I sleep, but my heart is awake. ~ Song of Solomon 5:2
Please consider the four states of consciousness mentioned by Bede Griffiths in The Cosmic Mystery.
We are accustomed to consider the sleeping, dreaming, and waking states as distinct states of consciousness, which follow each other consecutively. However, most of us have noticed that, rather than sequential, they interpenetrate each other. Our presumed waking state is mostly a series of semi-dreams: i.e., thoughts, imaginations, little stories, and so on. Then there is something deeper, beyond conscious awareness, in operation, affecting our postures, movements, attention and so on.
Among those dreams is the dream of awakening. That “I”, the subject of that dream, will “snap us out of it” from time to time. That I needs to be nourished until the whole heart is awake.
Translations and Plans
The translation of Sintesi has been on temporary hold. I was told the translations are “clunky”, so I asked Aeneas to go over them again. He is comparing it to the German version, which is a looser translation, with additions and omissions. I used to have a volunteer editor, but he told me he has “moved on”. So I guess there is life after Gornahoor, if you call that “living”.
We are closing in on post #1001, after which Gornahoor will be complete. I am planning the last posts, which will either be a summary or a confession. I need time for some longer projects and the Gnosis group work has become more important and needs to expand.
Aeneas suggested a new web site by invitation only. There he can be freer with the Evola translations and some new translations of Scaligero. We will have to upgrade the server to do this.
Theology of the Body
Another delay was caused by some new information on the Theology of the Body (H/T Perennial) that I came across as I was writing the introduction to the chapters on Sintesi that relate the sexes to race. Surprisingly, Evola’s ideas have some things in common with Pope John Paul II’s conceptions. Perhaps that is so, given the influence of German idealism and the philosophy of personalism on both of them.
For Scholasticism, the mind, or intellectual soul, is the image of God. The mind is without qualities, neither male nor female. For JPII and Evola, on the other hand, the body is the outward expression of spirit, hence either masculinity or femininity permeates the whole being. The Scholastic approach easily devolves to a Cartesian dualism of body and mind.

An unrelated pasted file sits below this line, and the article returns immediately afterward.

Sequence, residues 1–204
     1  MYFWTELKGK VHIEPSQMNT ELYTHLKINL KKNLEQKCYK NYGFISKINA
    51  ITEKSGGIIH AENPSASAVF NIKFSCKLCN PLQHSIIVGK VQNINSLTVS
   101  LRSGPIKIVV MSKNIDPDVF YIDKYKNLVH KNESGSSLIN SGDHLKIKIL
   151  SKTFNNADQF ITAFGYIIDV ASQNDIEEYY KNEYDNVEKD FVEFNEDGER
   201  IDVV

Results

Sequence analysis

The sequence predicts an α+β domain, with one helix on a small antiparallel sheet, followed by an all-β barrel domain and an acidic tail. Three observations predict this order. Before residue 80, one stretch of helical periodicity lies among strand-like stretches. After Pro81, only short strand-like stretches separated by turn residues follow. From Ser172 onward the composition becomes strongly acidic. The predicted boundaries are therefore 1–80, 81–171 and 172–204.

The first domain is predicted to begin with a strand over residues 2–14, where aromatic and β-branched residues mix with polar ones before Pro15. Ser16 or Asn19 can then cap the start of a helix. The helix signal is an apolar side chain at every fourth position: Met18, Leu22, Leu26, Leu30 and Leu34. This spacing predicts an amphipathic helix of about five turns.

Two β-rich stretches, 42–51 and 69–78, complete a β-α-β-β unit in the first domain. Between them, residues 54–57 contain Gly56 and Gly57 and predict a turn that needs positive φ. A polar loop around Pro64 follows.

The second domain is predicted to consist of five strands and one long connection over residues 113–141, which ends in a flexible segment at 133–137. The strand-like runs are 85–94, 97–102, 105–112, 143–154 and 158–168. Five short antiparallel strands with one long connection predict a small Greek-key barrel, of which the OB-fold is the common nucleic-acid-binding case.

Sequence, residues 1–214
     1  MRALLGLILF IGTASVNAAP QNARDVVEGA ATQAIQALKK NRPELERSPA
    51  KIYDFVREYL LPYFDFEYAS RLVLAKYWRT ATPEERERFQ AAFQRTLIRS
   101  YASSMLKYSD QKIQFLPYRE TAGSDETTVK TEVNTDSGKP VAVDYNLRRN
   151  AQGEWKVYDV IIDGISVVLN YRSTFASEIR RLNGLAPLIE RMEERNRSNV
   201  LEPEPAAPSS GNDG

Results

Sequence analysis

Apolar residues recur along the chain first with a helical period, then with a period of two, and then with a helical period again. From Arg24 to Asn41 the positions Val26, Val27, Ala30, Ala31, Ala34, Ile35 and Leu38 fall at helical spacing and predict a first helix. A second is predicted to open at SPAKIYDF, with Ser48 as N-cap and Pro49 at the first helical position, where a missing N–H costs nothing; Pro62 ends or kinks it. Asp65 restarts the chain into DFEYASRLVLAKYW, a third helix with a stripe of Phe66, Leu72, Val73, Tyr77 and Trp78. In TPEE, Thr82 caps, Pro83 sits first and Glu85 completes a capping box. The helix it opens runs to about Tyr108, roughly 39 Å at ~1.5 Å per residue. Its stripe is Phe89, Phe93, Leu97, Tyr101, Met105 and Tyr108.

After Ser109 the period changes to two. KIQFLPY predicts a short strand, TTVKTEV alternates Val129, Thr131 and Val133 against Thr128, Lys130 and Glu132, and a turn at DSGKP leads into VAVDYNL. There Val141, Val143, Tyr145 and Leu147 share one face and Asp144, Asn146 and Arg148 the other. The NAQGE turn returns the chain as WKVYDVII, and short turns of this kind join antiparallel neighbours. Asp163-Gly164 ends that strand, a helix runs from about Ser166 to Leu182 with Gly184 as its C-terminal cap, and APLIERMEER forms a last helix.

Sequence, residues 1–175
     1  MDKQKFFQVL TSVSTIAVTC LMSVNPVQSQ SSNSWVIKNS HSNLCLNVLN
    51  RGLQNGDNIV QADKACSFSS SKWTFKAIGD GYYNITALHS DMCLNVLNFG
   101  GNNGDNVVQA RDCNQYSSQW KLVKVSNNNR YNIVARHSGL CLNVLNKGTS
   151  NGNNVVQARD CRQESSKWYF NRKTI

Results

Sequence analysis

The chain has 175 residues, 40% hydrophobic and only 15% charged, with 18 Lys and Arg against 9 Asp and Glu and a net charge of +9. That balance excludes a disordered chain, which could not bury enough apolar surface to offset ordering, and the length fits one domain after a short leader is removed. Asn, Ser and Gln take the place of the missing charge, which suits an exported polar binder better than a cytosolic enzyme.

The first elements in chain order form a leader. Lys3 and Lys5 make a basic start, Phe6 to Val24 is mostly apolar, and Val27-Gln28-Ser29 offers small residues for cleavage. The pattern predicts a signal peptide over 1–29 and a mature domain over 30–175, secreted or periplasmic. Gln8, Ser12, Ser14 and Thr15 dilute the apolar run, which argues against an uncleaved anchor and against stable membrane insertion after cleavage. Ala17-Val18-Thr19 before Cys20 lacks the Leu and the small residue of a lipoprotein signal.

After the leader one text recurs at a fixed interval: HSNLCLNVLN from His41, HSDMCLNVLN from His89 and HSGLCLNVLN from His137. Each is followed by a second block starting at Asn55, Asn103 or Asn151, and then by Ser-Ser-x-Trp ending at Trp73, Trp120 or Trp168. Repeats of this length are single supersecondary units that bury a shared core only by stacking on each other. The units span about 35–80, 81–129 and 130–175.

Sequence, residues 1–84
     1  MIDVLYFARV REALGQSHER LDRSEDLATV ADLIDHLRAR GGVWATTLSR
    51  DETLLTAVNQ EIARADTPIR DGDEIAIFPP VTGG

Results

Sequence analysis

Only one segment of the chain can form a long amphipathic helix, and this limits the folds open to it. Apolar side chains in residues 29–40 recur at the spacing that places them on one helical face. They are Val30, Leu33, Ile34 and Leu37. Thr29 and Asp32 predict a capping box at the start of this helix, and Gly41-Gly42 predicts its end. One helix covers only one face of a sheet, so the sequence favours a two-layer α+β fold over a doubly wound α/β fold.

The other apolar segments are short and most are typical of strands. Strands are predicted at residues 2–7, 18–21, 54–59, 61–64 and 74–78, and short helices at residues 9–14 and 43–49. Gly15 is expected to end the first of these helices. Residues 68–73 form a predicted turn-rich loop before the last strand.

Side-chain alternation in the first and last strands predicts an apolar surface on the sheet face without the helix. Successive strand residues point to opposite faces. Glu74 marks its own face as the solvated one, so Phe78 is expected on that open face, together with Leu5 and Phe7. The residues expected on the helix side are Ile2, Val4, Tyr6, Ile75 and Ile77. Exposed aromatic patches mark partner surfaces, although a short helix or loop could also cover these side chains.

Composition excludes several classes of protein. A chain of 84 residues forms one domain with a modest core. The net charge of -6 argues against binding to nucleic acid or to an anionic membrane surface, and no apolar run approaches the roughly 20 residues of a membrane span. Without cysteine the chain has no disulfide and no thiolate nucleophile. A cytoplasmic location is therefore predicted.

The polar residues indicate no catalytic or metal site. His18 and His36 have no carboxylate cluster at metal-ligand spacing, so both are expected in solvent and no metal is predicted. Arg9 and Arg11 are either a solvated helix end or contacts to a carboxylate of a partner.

Moreover, the Scholastic definition of the person is too abstract: an individual substance of a rational nature. It does not mention Will, I, Freedom, Consciousness. Then there is Guenon’s objection that it focuses on Being to the exclusion of non-Being. Specifically, it is too static, not making the distinction between the virtual and the actual. The actualization of a person is something else. Will must be developed, consciousness expanded, Freedom/liberation must be achieved as it is not simply a given. “Truth shall set you free.” For the Scholasitics, there can be no development of the person. However, for JPII and Evola one of hallmarks of the person is self-possession, which requires a development.
Also, speculative theology does make a clear distinction between soul and spirit. Mystical theology, on the other hand, does. St John of the Cross, for example, distinguishes between psychic experiences and truly spiritual experience. St John of the Cross is one of the influences on the Theology of the Body.
Sex and the Body
These are some of the main points of the Theology of the Body. When the Evola translations come out, we can see better how they relate.
- There is no abstract “human”: the human being is always embodied as a man or a woman. Masculinity and Femininity are expressions of the person.
- The Spirit is not without qualities.
- The body is not just matter, subject to physical or biological laws. Rather, it is permeated by the soul and the spirit. Otherwise, resurrection cannot be understood except as the revival of a corpse.
- Biology is a human construct and does not exhaust all we know about the human being, sex, or the body.
- The Baconian project of gaining power over nature, specifically, technological power over the body, is rejected. Rather, the subtle rules the dense so the spirit must control the body, without relying on material means.
There are perhaps other results that can be derived from this approach, not that they can be attributed to JPII. Biblical, mystical, philosophical, and phenomenological sources are used to develop the theology of the body. Why, then, can we not include other sources and even traditional sources? For example, Evola relies on Otto Weininger’s book Sex and Character as well as the Laws of Manu for his own teachings on the spiritual and bodily aspects of masculinity and femininity.
Although JPII does not mention this, if the spirit has qualities, then race, or ethnos as E Michael Jones calls it, has its counterpart in the spirit. The relationship is not necessarily one-to-one, as we will see. Of course, this doctrine rejects the idea that biology or DNA is the cause of differences in psychic and spiritual makeup of the person.
Furthermore, the body cannot be understood as a piece of matter, but rather as a non-dual body/soul/spirit complex. This conception is developed by Valentin Tomberg in Letter XX of the Meditations of the Tarot. He shows the chain: spirit -> psychic forces -> energy -> material organs. That is the vertical process that works with the horizontal process of heredity. More research needs to be done to relate these various currents of thought.
Then, too, the notion that the body can be more or less dense begins to make some sense. Hence, there may be no physical traces of the Hyperboreans for the reason that the body in that era was less dense. This is something proposed by Rene Guenon. In this case, the positive sciences cannot be the last word.